Another look at trees: Part 2

A selection of miniature trees that work well in the railway garden
The young yew tree in this setting lends an effective vertical element to Liz and Allan Pantle’s Midwestern & Rainbow Tunnel Railroad in Oxford, Ohio.
Don Parker
1. The leaves on this miniature ginkgo tree may be a bit large for the scale of the building, but the color and profile of the tree lend a sense of realism to this scene in the garden-railroad exhibit at Castle Farms in Charlevoix, Michigan.
Don Parker
2. This close-up photo of a miniature ginkgo tree in Allan and Liz Pantle’s Oxford, Ohio, railroad garden shows the unique fan-shaped structure of the leaves. Their overlapping compactness gives the tree a realistic density and overall shape.
Don Parker
3. This 10-year-old weeping Siberian pea shrub has been encouraged to grow upright. Its branches lengthen 8-12" per year, and require an annual pruning. The photo was taken on the author’s Hoot and Holler Railroad.
Don Parker
4. The same Siberian pea shrub after a relatively easy trimming job. The overall effect of the fine, ferny leaves is quite attractive and believably in scale.
Don Parker
5. This untrimmed Jean’s Dilly Alberta spruce tree is 10 years old and 21/4 to 21/2 feet tall (45-50 scale feet), growing in the Hoot and Holler Railroad garden.
Don Parker
6. This Jean’s Dilly Alberta spruce has been creatively trimmed to represent a multi-stemmed conifer typical of mountainous areas. The photo was taken on Jack and Kathie Griffin’s Grandymon Lake Railroad in Cincinnati, Ohio.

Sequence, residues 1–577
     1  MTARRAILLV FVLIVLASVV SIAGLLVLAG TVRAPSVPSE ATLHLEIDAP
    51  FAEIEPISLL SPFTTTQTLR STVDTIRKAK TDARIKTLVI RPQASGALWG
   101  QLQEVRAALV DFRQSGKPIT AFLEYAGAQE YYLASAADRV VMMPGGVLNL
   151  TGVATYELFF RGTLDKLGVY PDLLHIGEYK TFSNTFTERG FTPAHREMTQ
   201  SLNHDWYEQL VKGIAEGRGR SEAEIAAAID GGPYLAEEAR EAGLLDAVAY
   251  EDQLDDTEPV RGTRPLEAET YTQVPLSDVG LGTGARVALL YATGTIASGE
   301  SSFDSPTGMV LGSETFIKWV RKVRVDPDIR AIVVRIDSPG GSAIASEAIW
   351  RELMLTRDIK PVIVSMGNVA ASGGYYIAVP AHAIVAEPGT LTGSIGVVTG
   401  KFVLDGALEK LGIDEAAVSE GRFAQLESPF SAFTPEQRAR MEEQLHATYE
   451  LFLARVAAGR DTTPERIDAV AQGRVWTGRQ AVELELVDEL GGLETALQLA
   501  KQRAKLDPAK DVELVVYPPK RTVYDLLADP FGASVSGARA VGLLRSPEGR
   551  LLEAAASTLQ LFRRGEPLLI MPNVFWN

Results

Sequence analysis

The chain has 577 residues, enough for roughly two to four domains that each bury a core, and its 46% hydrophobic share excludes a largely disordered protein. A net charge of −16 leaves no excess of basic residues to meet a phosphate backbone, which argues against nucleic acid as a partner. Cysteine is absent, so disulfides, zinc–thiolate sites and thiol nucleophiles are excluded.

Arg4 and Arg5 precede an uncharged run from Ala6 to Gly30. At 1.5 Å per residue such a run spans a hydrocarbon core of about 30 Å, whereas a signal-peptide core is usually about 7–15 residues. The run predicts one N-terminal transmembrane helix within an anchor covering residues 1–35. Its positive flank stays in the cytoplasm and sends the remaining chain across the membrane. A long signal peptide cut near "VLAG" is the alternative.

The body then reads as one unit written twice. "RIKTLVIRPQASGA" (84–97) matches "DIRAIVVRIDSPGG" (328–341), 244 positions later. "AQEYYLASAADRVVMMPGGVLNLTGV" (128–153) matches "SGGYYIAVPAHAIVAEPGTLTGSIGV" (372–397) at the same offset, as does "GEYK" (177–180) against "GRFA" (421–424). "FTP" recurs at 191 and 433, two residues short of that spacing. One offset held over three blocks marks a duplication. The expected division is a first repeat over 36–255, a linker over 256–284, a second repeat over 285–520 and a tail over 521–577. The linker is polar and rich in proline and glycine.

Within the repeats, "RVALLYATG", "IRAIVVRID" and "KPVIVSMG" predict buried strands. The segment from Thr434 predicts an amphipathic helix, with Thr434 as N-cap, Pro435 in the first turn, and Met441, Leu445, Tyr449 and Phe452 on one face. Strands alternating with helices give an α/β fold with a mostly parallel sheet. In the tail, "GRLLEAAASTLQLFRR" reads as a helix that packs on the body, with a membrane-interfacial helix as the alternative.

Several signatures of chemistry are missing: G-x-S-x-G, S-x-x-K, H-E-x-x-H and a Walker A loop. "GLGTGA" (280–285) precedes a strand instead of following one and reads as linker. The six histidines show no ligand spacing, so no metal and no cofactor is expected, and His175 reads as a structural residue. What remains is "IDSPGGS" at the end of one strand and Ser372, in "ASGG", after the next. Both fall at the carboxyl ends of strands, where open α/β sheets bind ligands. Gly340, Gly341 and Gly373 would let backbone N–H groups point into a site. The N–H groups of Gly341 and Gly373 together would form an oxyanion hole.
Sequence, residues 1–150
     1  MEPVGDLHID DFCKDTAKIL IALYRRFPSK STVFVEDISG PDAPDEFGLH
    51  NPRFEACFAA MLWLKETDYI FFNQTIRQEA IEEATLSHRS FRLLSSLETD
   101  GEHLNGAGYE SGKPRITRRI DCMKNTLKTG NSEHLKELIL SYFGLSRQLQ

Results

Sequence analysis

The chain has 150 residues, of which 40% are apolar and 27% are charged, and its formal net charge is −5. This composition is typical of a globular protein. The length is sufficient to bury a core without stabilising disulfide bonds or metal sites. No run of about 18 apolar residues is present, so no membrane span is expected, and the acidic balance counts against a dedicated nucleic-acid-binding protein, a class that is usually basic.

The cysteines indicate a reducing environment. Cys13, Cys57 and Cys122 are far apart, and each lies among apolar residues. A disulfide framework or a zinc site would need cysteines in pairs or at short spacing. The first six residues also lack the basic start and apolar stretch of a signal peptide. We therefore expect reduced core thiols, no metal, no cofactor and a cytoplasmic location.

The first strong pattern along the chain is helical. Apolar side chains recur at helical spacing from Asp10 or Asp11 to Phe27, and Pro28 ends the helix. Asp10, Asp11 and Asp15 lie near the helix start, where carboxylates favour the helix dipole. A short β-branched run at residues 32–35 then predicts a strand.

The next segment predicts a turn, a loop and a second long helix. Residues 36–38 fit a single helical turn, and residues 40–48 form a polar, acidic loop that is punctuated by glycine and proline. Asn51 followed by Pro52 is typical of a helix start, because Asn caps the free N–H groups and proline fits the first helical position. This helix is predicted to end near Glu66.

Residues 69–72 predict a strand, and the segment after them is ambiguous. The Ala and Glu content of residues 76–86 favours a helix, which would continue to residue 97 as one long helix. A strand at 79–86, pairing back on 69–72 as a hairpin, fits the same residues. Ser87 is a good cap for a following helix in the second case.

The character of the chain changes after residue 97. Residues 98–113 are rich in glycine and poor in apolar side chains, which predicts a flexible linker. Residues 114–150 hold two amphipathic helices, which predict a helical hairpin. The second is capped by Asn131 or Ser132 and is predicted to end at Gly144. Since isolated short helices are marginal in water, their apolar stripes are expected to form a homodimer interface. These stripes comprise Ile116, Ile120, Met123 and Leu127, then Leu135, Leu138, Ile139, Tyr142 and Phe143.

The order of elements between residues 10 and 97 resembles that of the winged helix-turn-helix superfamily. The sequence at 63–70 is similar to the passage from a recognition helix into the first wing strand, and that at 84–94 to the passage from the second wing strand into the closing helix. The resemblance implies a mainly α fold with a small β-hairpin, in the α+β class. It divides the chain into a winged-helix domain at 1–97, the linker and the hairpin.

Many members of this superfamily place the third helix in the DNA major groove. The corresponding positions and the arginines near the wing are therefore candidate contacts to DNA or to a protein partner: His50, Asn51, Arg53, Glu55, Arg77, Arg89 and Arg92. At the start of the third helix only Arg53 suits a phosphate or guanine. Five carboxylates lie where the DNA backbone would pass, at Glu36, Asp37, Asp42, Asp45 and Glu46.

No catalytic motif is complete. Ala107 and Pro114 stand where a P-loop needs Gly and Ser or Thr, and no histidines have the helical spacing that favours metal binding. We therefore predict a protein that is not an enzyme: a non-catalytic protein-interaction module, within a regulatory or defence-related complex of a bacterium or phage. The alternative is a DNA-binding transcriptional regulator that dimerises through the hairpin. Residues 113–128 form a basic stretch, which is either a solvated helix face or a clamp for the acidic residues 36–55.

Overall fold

Don Parker
7. This miniature Japanese cedar (Cryptomeria spp.) grows in a typical mounding, spreading fashion on the Fox Run Railroad of Pat and Chuck Elsworth in Cincinnati, Ohio.
Don Parker
Trees are so ubiquitous, they can be taken for granted. If we aren’t consciously admiring them, they often just blend with the surroundings, becoming part of the backdrop of the world we live in. They are often noted for their absence; for example, the barren peaks of mountains are said to be above the tree line. Our connection, our affinity, for trees runs deep in our DNA, reaching back in time to our tree-dwelling ancestors. We depend on trees for an astonishing array of goods; trees are deeply rooted in folklore and poetry; trees are intimately involved in sustaining the air we breathe.

It is not surprising, then, that they feature so prominently in our garden railroads. As a continuation of my column in the June 2014 issue, let me show you more examples of how you can find variety in the miniature trees you grow and extend the fascination with trees in your railway.

Deciduous trees
Miniature trees are typically described as having a mature size of about two feet or less, growing very slowly, with very short internodes (the distance between individual leaves and branches), and a multi-branching habit. Most miniatures have small-to-tiny leaves. Miniature ginkgo trees (Ginkgo biloba var.) have all the characteristics of the class, with leaves that, although small, cannot be called tiny. However, their fascinating leaf shapes are unique among seed plants and give them a cool factor worth looking into—not to mention their status as living fossils, with relatives dating back 270 million years.